Our car also came with the optional leather upholstery ($1,300), as well as dark silver metallic paint ($420); a cold-weather package ($300), which added heated mirrors, front seats and windshield-washer nozzles; automatic climate control ($300); multi-function steering wheel with cruise control ($250); cockpit chrome trim package ($300); and a Harmon-Kardon audio system ($550).
All Minis for 2005 -- sedan and convertibles -- include new bumpers, grille, headlights and taillights. Inside, there is even a tray under the stereo intended for an Apple iPod or a cell phone.
EPA fuel-economy ratings for our S version are 25 miles per gallon in the city and 32 mpg on the highway. The tank holds 13.2 gallons of gasoline. With the base model, EPA ratings are 28 city/37 highway.
G. Chambers Williams III is staff automotive columnist for the San Antonio Express-News and former transportation writer for the Star-Telegram. His automotive columns have appeared regularly in the Star-Telegram since 1995. Contact him at (210) 250-3236; email@example.com.
At a Glance - 2005 Mini Cooper convertible The package: Subcompact, three-door, four-passenger, four-cylinder, rear-drive convertible. Advantages: The new generation of the venerable little car from England has BMW's handprint on it, and it is better than the original Mini ever was. For 2005, the convertible was added. The car has decent acceleration and roadhandling even with the base model, cute styling, and is surprisingly roomy for the front occupants. Negatives: Back seat is best left to the kids; limited trunk space. Engine: 1.6-liter four-cylinder (normally aspirated or supercharged). Transmission: Five-speed manual, six-speed manual (S model), continuously variable automatic (optional, base model only). Power/torque: 115 hp./110 foot-pounds (base), 163 hp./115 foot-pounds (S model, supercharged). Length: 142.8 inches. Curb weight: 2,424-2,678 pounds. Cargo capacity: 5.8 cubic feet (top up); 4.2 cubic feet (top down). Brakes, front/rear: Disc/disc, antilock. Major competitors: Volkswagen New Beetle convertible, and to a lesser extent, Ford Mustang convertible, Mazda Miata, Honda S2000 and Toyota MR2 (discontinued). Fuel capacity: 13.2 gallons. EPA fuel economy: 28 miles per gallon city/37 highway (base); 25 city/32 highway (S model). Base prices: $21,500 plus $550 freight (base model); $24,900 plus freight (S model). Price as tested: $30,220 (S model, including freight and options). On the Road rating: ***** (five stars out of five).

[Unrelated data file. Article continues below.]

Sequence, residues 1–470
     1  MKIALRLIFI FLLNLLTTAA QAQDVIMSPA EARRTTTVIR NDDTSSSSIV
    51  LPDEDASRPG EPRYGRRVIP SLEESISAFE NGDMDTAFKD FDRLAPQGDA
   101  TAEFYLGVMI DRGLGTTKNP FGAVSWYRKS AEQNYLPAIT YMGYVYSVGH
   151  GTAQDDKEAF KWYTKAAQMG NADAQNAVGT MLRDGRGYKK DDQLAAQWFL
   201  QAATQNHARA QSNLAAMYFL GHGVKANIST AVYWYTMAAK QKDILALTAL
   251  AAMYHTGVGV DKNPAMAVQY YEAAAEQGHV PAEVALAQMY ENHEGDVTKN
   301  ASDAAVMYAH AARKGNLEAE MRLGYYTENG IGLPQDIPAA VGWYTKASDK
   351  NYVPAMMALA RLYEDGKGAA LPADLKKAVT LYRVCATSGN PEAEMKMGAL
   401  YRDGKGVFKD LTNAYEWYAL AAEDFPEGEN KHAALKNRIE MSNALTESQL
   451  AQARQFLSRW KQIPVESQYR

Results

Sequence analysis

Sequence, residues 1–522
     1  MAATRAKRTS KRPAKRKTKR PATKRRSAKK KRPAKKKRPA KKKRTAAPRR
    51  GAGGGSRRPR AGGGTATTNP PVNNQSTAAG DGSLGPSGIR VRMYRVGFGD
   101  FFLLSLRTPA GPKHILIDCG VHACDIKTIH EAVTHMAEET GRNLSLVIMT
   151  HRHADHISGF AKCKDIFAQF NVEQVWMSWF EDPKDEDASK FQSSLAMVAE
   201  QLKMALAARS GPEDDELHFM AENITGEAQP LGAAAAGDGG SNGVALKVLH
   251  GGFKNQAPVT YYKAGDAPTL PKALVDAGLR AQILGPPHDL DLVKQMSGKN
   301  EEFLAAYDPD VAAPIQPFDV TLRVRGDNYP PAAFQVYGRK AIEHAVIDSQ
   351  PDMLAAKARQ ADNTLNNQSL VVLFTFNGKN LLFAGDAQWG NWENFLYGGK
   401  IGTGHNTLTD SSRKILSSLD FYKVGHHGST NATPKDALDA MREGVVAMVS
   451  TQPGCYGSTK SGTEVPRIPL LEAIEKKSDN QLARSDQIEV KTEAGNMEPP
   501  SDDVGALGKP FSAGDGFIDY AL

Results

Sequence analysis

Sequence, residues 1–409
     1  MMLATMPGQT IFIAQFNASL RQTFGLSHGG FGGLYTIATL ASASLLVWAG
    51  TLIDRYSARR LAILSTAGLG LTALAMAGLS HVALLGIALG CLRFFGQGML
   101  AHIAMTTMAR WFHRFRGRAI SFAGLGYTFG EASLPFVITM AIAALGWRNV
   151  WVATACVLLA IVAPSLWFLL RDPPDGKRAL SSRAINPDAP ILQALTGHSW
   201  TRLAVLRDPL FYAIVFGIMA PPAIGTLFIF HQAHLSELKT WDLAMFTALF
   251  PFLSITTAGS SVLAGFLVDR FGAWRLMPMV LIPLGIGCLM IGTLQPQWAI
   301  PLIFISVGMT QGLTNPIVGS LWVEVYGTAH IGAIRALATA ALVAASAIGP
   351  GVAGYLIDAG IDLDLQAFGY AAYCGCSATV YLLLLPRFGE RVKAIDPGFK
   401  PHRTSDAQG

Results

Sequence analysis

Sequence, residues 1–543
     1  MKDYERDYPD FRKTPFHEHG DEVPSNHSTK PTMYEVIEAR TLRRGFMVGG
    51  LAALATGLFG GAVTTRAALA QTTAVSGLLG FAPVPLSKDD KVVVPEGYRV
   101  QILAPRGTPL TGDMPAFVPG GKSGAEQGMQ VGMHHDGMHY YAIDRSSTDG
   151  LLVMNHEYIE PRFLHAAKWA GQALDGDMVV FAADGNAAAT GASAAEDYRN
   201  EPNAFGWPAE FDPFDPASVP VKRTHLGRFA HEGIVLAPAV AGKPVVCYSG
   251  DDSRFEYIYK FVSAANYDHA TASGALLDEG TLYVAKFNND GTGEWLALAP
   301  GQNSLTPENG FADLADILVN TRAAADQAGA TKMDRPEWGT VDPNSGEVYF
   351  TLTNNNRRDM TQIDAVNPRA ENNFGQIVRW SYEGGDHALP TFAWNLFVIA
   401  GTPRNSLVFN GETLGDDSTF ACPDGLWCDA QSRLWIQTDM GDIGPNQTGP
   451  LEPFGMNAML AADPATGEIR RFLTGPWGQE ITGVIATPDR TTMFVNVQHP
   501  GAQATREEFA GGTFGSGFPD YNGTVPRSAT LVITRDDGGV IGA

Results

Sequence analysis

Prices quoted are manufacturer's suggested retail; actual selling price may vary according to manufacturer and/or dealer rebates, discounts and incentives, if any.